Species specimen description from A Monograph of Oriental Cicadas by W.L. Distant:
Head ochraceous; front, excluding a central spot, margins of vertex between front and eyes, and a transverse fascia between the eyes black; pronotum pale castaneous, the posterior and lateral margins ochraceous; mesonotum castaneous, with four large obconical black spots on anterior margin, the central two smallest, a central discal elongate black spot and a small black spot in front of each anterior angle of the basal cruciform elevation; abdomen black, the tympanal coverings, and the posterior segmental margins ochraceous. Head beneath, sternum, legs, rostrum and opercula ochraceous; a transverse fascia between the eyes — enclosing a pale spot on face — inner margins of eyes, posterior margin of face and apex of rostrum black: abdomen beneath castaneous, with the posterior segmental margins and the apes ochraceous.
Tegmina with about the basal half creamy opaque shaded with pale fuscous, and more or less outwardly defined by an indistinct curved pale fuscous fascia, remaining area hyaline, costal membrane and venation dark ochraceous, the transverse veins at the bases of the second, third, fourth, fifth and seventh apical areas slightly infuscated; wings stramineous for about two-thirds their area from base, this coloration outwardly margined with fuscous, remaining area pale hyaline, the venation dark ochraceous.
The rostrum extends a little beyond the inner angles of the opercula, which are somewhat well separated.
Long. excl. tegm. 22 to 23 millim. Exp. tegm. 64 to 68 millim. Exp. pronot. angl. 11 millim.
Characters. — Body robust. somewhat short; abdomen in male about as long as space between apex of head and base of cruciform elevation; head broad, truncate anteriorly, including eyes a little or scarcely broader than base of mesonotum, ocelli about twice and sometimes thrice the distance from eyes as from each other, face moderately convex not prominent above; pronotum with the lateral margins ampliated or laminately medially angulate ; anterior femora not prominently spined; metasternum with a Central elevated plate-like process, which is centrally sulcated and posteriorly somewhat sinuately truncate; tympana practically concealed by the tympanal flaps or coverings; opercula in male short, broad, their apices more or less convexly rounded ; tegmina and wings either hyaline or more or less opaquely coloured, tegmina with the basal cell a little longer than broad, the coastal membrane only moderately dilated or arched at base, apical areas eight in number. Oxypieura, Amyot & Serville, merely includes species with hyaline non-opaque tegmina and wings: Pcecilopsaltria, Stal was regarded as distinct from Platypleura by the slightly greater width of the head including eyes ; this form being more dominant in the Oriental Region, while the character of typical Platy pleura is a marked feature in the Ethiopian species.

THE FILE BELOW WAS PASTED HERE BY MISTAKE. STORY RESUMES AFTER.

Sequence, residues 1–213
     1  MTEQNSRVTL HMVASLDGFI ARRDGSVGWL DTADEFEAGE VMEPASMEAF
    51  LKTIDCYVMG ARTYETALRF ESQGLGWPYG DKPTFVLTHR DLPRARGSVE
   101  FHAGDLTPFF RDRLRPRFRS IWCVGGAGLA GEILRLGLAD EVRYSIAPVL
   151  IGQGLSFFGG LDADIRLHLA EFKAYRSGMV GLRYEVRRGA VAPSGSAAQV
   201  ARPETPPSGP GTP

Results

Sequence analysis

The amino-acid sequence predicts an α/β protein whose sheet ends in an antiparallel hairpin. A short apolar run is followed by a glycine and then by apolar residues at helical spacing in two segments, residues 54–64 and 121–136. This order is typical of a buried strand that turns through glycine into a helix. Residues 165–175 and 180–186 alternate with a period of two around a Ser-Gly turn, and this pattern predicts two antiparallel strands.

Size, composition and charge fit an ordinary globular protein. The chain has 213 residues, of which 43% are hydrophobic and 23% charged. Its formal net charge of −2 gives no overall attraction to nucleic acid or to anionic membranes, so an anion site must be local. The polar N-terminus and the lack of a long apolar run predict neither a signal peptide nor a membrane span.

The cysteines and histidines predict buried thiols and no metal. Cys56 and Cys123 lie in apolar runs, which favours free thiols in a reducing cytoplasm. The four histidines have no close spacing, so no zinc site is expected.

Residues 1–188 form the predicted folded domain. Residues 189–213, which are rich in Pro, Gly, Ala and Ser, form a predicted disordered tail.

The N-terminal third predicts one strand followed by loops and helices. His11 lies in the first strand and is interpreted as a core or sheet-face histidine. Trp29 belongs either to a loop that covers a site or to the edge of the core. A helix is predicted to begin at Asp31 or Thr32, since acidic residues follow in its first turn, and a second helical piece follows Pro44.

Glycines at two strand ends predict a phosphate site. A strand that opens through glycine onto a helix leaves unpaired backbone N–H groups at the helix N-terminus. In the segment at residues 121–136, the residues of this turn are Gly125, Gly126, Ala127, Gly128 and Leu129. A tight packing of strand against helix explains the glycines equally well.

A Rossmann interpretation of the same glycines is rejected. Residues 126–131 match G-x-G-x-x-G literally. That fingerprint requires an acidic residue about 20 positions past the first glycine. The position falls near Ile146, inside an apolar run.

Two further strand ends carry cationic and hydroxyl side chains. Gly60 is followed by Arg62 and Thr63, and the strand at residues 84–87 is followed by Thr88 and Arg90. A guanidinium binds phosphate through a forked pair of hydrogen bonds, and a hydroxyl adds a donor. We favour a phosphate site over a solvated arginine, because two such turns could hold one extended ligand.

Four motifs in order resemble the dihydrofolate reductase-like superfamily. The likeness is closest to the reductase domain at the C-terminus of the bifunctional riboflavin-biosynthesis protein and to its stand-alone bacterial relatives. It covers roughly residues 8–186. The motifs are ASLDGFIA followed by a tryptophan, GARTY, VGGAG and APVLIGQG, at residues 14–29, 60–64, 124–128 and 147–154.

The illustration and genus description comes from the journal Genera Insectorum, and a specific article from 1913 by W. L. Distant titled Homoptera. Fam. Cicadidae, Subfam, Cicadinae. Read it on the Biodiversity Heritage Library website.
Cicada season in Japan, like North America, seems to be best from June to September, peaking in August. Different cicada species emerge at different times of the year, but the majority of them are active during the summer.
Cicadas are very popular in Japan, and they find their way into pop culture (Anime, live action kids shows like Ultraman). This photo features a cicada toy when spun, makes a sound, some cicada clicker toys, a plush Oncotympana, a Seminingen (bad guy from Ultraman), and Yotsuba a green-haired girl who has caught a cicada (Lyristes japonicus perhaps):
Cicada News & Photos
The best place, I’ve found, to keep track of which cicadas are out in Japan is Twitter. You can search Twitter yourself for セミ and you’ll find many results — most Tweets are references to pop culture, but occasional photos and actual information about actual cicadas.
These are many of the Twitter feeds I follow. You don’t need to belong to Twitter to view their feeds, but it’s more fun if you join.